LIDS4KIDS founder Tim Miller is calling on the government and beverage companies to buy the machines his charity needs to keep plastic lids out of landfill and repurpose them into items for kids with disabilities.
“There’s no way we can humanly manage them on our own,” says Tim, 43, of Aranda, who started collecting the lids about three months ago through the Aranda street community library.
“I put a little bucket out there three months ago, in June, and made the mistake of putting it on Facebook and it went viral,” he says.
“I’ve never seen anything quite like it. Within 48 hours I had over 1000 messages from people all over Australia wanting to help.”
Initially Lids4Kids was attempting to collect 250,000 lids by the end of the year for the Victorian children’s charity Envision Hands, which makes prosthetic limbs for children, but they exceeded that number in three weeks. So far, Tim’s team has saved more than one and a half million lids from landfill.
“We want to rescue every lid from landfill now. We’re not turning any away,” Tim says.
Lids4Kids will continue to donate lids to Envision Hands, when needed, but will need to repurpose the rest of the lids (more than a million) themselves.
Tim’s set up Lids4Kids as a charity and is asking the ACT government, the Federal government and beverage companies to collectively donate the $600,000 needed to buy machines the charity needs to shred the lids and turn the plastic into items for children living with disabilities.
“We don’t want the money to come out of the general public,” Tim says.
“We want these businesses who are putting the lids out there to help us close the loop by chipping in for the machines so we can repurpose every lid.
“We now have a voice to say: ‘Look at what the little people of Australia are doing. Look at what kids are doing.’
“Close the loop, give us money so your products don’t go to landfill. Little kids have stepped up and said: ‘No, we don’t want this to go in the bin.’
“Give us money for the machines so we can recycle it.”
When Lids4Kids gets the shredders, Tim says they will train people who are living with a disability to use them.
“Then the pellets that come out of it can be sent to plastics workshops and made into any product,” he says.
“We want to put a machine in every capital city, starting in Canberra – where it all began.”
Now, in nearly every single town in Australia, there’s someone like Tim collecting lids but the inspiration started when Tim’s outback charity rally team needed 100,000 bottles and cans to enter a rally.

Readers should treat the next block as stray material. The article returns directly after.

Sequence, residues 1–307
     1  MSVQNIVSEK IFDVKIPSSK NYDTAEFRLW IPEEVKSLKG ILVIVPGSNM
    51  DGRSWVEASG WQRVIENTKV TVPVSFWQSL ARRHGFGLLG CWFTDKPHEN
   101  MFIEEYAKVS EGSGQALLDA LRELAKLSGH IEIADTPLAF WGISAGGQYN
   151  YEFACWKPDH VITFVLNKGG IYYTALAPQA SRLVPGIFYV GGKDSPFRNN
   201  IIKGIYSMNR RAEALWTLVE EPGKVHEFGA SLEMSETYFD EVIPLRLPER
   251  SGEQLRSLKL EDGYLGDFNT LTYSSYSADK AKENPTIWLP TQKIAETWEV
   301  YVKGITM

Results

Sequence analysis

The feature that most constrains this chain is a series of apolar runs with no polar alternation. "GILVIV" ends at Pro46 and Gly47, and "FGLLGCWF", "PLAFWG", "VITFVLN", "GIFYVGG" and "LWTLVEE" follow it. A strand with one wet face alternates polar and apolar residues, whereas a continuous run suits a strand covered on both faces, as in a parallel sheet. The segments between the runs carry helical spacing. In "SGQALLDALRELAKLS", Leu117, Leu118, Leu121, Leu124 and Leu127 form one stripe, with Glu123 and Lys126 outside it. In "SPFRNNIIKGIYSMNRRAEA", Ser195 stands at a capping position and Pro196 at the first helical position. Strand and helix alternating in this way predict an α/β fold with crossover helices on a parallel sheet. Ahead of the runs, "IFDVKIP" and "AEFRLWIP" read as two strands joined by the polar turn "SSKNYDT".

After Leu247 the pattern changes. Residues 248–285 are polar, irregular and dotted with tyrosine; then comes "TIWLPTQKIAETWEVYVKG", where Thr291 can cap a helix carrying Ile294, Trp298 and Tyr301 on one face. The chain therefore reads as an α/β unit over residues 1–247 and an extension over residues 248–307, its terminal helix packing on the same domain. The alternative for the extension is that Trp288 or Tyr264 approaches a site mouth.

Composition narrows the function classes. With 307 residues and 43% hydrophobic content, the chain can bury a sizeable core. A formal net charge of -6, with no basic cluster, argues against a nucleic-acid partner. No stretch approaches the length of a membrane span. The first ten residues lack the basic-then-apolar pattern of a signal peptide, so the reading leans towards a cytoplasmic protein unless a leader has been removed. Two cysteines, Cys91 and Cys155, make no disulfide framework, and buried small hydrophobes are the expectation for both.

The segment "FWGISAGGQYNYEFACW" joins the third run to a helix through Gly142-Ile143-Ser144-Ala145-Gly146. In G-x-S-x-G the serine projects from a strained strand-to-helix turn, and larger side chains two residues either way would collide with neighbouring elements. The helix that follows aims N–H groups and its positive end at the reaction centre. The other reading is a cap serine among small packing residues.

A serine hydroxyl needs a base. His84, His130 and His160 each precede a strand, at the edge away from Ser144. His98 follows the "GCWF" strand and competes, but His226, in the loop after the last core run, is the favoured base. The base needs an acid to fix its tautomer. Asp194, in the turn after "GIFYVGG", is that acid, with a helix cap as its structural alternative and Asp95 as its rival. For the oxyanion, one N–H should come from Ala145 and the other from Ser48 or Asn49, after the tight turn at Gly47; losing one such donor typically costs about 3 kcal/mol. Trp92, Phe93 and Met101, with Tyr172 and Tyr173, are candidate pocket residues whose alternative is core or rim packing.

“We were taking the lids off and we didn’t know what to do with them,” he says.
“Then we were told that anything smaller than a credit card can’t be recycled.
“They fly off and get jammed in the gears so they go to landfill.”
It was then that Tim decided he was going to try and rescue every single lid from landfill.
But the desire to support disadvantaged children goes back about 10 years when Tim was diagnosed with incurable bowel disease, liver disease and fibromyalgia.
“When I was very, very sick, I didn’t know how long I had left,” Tim says.
“When I was bedridden in hospital, I was only 30 something and I was surrounded by lots of older people and I was feeling sorry for myself.
“Then a nine-year-old girl walked into the ward and had the same thing as me. That’s when I realised there are so many kids younger than me with similar health issues.
“The very next day I started fundraising for children’s charities and haven’t felt sorry for myself since.”
These days Tim has about half an hour a day where he feels good before he’s forced to curl up in bed with heat packs, but he wants to inspire others in a similar situation to do charity work, too.
“I want people living with chronic pain or an incurable disease to know that there’s still things they can do,” says Tim, a self-confessed house dad with three kids under 10.
“I was originally told I’d only have two years to live. You feel pretty sad but that nine-year-old girl completely changed my perspective.
“Life’s short but even with chronic pain you can do something useful to help other people.
“I started a nationwide charity, even though I’m in chronic pain and stuck in bed all day.”
Lids4Kids now has more than 7000 collection points around the country and Tim encourages people to jump onto the Lids4Kids Facebook page to find one near them.
Tim’s looking for people to donate milk bottle lids, water bottle lids and soft drink lids but he says if other lids are donated such as juice lids, which are too hard to shred, he still finds a way to repurpose them and keep them out of landfill.
“Daycare and kindergartens have been coming to pick up the hard lids to use them for arts and craft,” he says.
“Every single lid gets repurposed, nothing goes to landfill.”
Tim also wants to inspire children to make a difference and recycle lids.
“Most people who help us out are kids under the age of six,” he says.
“I’ve given about 20 presentations at schools now and the message I give is that even though you’re one kid, all together, it makes a huge difference.
“The thing that keeps me going is knowing that I can inspire kids and teach them that no matter how small they are, anyone can make a difference.”
People can join a Lids4Kids group via facebook.com